Pasta before and after dehydrating
Pasta before and after dehydrating – These are the varieties I cooked and tested for this article

Storing dehydrated pasta

Your pasta can be stored for long periods of time if done correctly. To ensure that you get the longest shelf life out of your dehydrated pasta, it’s essential that your pasta is completely dry before storing. This may sound obvious, but any remaining moisture will allow your pasta to mold. Dehydrated pasta should break, not bend. If needed, place it back in the dehydrator for another hour or two until it’s totally dry.

For camping trips, package your pasta in plastic bags in the serving sizes you intend to cook. For storage at home, use any airtight container such as rigid plastic containers or mason jars. Plastic Ziploc bags or mylar bags are also good options, just be aware that they are vulnerable to rodents that can easily chew through plastic. Your dehydrated pasta has a similar shelf life to dry store-bought pasta and should be good within 1-2 years.

Dehydrated pasta should be stored in a cool, dry place away from direct sunlight. While your pasta won’t go bad or be unsafe to eat, the flavor does deteriorate over time. I recently tried some pasta I dehydrated over 2 years ago and it had a mildly unpleasant flavor (it was stored in a freezer bag in the pantry).

Long term storage

If you want to store dehydrated pasta for longer periods than about a year, I recommend vacuum sealing it in mason jars. Vacuum sealing in bags or storing in mylar bags with an oxygen absorber are also good long-term storage options, just beware the pasta made puncture the bag. Consider using another bag, paper towels, or even aluminum foil between the pasta and the outer bag to protect against puncture.

Label your pasta

As you can see from my photos it’s hard to tell which batch of pasta is dehydrated or straight from the bag. The dehydrated pasta is a similar size but the shapes are less consistent. Macaroni noodles have a slightly wrinkled appearance and some of the pasta looks more translucent but the differences are subtle. Be sure to clearly label your dehydrated pasta to prevent confusion.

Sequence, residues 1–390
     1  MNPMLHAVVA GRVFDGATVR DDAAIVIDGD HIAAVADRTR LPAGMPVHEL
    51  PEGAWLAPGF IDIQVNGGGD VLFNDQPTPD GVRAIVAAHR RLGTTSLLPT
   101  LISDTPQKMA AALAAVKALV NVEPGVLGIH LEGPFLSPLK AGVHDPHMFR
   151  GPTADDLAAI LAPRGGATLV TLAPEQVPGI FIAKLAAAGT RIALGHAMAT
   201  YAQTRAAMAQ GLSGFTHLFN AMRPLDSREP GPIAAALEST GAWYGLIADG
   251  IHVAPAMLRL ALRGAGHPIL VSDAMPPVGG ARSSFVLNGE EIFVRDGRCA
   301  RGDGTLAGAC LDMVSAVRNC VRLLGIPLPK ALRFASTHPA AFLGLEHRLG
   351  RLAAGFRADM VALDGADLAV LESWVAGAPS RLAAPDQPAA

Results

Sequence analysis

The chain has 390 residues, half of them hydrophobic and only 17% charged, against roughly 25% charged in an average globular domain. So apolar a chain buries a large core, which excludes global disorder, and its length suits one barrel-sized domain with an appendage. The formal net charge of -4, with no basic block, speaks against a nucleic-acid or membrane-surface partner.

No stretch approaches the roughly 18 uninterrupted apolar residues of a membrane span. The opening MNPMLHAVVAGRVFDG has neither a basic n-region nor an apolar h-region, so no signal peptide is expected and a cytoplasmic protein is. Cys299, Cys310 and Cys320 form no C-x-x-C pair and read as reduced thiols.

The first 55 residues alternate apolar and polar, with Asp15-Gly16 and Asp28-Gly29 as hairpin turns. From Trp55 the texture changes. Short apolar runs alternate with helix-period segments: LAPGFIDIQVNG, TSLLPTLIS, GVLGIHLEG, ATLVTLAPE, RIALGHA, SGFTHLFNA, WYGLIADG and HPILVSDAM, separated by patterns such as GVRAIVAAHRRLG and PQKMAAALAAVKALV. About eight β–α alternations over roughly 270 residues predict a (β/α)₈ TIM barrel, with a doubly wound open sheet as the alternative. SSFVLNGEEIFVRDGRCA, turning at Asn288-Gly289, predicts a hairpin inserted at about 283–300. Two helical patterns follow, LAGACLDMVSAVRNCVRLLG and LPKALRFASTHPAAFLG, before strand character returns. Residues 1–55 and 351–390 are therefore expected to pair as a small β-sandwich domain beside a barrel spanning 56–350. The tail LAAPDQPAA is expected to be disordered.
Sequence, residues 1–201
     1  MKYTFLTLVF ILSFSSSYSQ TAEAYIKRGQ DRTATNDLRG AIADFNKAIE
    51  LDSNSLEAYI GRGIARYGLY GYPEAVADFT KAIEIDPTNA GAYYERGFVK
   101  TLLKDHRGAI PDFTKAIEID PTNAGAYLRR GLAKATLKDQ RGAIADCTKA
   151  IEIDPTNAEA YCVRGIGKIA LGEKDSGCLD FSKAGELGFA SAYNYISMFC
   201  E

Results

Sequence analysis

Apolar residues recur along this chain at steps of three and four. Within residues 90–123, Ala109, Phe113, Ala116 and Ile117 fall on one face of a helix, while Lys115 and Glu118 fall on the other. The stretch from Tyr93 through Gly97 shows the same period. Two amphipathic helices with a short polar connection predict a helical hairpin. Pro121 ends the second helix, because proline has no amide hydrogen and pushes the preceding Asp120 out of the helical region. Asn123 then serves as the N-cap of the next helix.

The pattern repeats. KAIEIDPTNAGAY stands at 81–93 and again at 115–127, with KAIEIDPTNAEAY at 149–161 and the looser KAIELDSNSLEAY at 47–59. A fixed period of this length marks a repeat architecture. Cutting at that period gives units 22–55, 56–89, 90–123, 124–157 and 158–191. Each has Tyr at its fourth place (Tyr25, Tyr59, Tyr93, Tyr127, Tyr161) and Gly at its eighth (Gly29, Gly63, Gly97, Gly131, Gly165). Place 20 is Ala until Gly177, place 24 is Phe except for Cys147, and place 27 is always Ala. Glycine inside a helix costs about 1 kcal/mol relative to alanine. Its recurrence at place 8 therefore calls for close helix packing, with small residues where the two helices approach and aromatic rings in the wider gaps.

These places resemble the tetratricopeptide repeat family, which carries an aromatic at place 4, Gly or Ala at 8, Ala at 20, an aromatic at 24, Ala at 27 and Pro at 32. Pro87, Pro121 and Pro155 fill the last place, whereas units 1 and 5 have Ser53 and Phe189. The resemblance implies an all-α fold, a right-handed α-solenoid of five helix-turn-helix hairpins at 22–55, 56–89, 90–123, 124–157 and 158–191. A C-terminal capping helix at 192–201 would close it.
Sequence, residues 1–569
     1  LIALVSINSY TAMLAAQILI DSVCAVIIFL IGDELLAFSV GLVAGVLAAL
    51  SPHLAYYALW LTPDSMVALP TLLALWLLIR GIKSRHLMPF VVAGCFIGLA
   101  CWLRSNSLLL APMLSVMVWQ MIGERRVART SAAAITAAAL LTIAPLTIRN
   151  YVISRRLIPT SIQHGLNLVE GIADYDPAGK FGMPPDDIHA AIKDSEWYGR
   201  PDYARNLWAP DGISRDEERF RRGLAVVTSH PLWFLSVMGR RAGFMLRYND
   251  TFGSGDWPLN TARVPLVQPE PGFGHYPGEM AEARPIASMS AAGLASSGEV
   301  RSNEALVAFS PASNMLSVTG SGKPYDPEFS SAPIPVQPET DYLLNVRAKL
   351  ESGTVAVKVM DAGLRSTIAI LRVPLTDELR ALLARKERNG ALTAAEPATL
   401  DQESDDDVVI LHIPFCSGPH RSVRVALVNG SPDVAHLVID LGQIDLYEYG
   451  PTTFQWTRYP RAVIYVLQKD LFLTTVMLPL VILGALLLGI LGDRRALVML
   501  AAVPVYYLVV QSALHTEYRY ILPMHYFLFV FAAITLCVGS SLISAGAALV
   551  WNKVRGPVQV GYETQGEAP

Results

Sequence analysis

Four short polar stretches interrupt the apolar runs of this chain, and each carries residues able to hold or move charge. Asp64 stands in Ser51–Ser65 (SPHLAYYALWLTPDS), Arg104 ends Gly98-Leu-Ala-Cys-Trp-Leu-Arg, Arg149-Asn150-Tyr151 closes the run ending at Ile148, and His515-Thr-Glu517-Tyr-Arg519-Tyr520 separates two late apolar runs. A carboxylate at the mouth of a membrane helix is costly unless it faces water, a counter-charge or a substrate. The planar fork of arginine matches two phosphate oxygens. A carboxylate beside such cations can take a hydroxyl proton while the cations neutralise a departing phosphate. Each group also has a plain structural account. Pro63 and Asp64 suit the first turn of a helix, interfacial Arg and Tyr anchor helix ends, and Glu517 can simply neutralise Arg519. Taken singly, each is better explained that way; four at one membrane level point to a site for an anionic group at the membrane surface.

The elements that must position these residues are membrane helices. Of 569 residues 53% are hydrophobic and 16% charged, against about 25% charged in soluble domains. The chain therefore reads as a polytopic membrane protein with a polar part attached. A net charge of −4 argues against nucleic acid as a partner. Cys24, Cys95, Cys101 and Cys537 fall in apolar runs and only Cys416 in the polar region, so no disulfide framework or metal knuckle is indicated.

Different ways you can use your dried pasta in recipes

As discussed above, you can dehydrate full meals or dehydrate individual ingredients and combine them in different ways I prefer to dehydrate pasta and most other foods separately so I have dehydrated foods on hand to make different recipes. It’s not hard to make sauces from dry ingredients like tomato powder and commercial diary powders. I’ll share more of these recipes as soon as I can.

Closeup of pasta - a mix of varieties
Mixed dry pasta

Secret trick – Shorten Pasta Cooking time Without Dehydrating

Earlier I mentioned I tried rehydrating store-bought dry pasta to see what happened. The result is rehydrated pasta dough. While it certainly didn’t taste good at that point, I became curious about how it would cook. I added this rehydrated pasta dough to boiling water, and as I had hoped, it cooked faster than dried pasta. If you want to try this for yourself, soak the dry pasta in water for about 2 hours to ensure it is fully rehydrated (thicker pastas may take longer). Then cook it in boiling water just as you would dry or fresh pasta, and check frequently for doneness. For the elbow macaroni noodles I tried, rehydrated pasta cooked about 3 minutes faster than dried pasta.

Dehydrating other foods

If you are interested in dehydrating other foods for you camping, backpacking, or pantry storage, check out these articles:

How to Make Delicious Bacon Jerky in the Dehydrator or Oven
How To Best Store Oyster Mushrooms (with Dehydrating Instructions)

Closeup of pasta - a mix of varieties

Dehydrated pasta

Course: Main Course
Cuisine: Italian
Cook Time: 15 minutes
Dehydrating time: 4 hours
Total Time: 4 hours 15 minutes
Servings: 6
Calories: 210kcal
A simple guide to dehydrating pasta
Print Recipe


  • 1 Food Dehydrator


  • 12 oz Elbow macaroni noodles or other dry pasta Fresh pasta may also be used
  • 1/2 tsp Salt


  • Cook pasta following the instructions on the package. Bring a large pot of water with salt to a boil, add the pasta and follow the recommended cooking time. Check the pasta to ensure it is cooked to your desired tenderness.

Dehydrating pasta

  • Spread pasta on dehydrator trays in a single layer. Use a fine mesh screen or parchment paper to support smaller pasta sizes.
  • Dehydrate at 160°F for 3-4 hours. If you are dehydrating other foods at the same time, lower temperatures are perfectly safe. For 135°F, pasta will dehydrate in 6-8 hours.
  • Check to ensure pasta is fully dry – it should be hard and brittle.
  • Separate the pasta into serving portions (typically 1½ to 2 oz per person) or store it in an airtight container.

Rehydrating pasta

  • To rehydrate using cold water: Add enough water to cover the pasta, allow to soak for 2 hours or until the pasta is fully rehydrated
  • To rehydrate with hot water: Add enough boiling water to cover pasta, soak for 15-20 minutes.


Calories: 210kcal | Carbohydrates: 42g | Protein: 7g | Fat: 1g | Saturated Fat: 0.2g | Polyunsaturated Fat: 0.3g | Monounsaturated Fat: 0.1g | Sodium: 197mg | Potassium: 126mg | Fiber: 2g | Sugar: 2g | Calcium: 12mg | Iron: 1mg